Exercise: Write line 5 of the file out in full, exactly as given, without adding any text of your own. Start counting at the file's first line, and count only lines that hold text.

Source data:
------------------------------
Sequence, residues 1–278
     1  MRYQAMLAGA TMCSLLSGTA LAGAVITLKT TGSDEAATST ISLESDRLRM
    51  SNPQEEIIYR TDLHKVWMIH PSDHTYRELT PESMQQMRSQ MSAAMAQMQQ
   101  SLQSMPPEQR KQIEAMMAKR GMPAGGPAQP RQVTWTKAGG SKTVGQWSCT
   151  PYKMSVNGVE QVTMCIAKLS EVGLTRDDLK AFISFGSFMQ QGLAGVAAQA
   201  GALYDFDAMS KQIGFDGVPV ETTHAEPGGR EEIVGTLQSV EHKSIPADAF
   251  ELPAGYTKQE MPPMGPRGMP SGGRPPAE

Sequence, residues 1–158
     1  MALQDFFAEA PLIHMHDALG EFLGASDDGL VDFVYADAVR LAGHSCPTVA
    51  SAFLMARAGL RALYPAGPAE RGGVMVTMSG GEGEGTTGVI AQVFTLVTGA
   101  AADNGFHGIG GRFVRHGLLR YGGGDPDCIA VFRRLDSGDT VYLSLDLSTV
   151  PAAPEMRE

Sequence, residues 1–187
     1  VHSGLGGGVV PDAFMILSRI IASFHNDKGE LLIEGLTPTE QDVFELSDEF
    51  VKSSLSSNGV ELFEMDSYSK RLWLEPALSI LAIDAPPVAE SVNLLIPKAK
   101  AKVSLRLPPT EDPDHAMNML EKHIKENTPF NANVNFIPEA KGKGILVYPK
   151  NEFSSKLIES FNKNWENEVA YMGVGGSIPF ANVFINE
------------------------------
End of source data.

   151  PYKMSVNGVE QVTMCIAKLS EVGLTRDDLK AFISFGSFMQ QGLAGVAAQA